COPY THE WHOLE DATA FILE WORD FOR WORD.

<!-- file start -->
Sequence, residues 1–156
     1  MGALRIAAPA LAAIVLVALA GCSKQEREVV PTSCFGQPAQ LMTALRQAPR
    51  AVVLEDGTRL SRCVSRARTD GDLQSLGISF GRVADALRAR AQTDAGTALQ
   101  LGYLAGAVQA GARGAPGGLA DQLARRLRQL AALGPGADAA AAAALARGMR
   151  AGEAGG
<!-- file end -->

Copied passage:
Sequence, residues 1–156
     1  MGALRIAAPA LAAIVLVALA GCSKQEREVV PTSCFGQPAQ LMTALRQAPR
    51  AVVLEDGTRL SRCVSRARTD GDLQSLGISF GRVADALRAR AQTDAGTALQ
   101  LGYLAGAVQA GARGAPGGLA DQLARRLRQL AALGPGADAA AAAALARGMR
   151  AGEAGG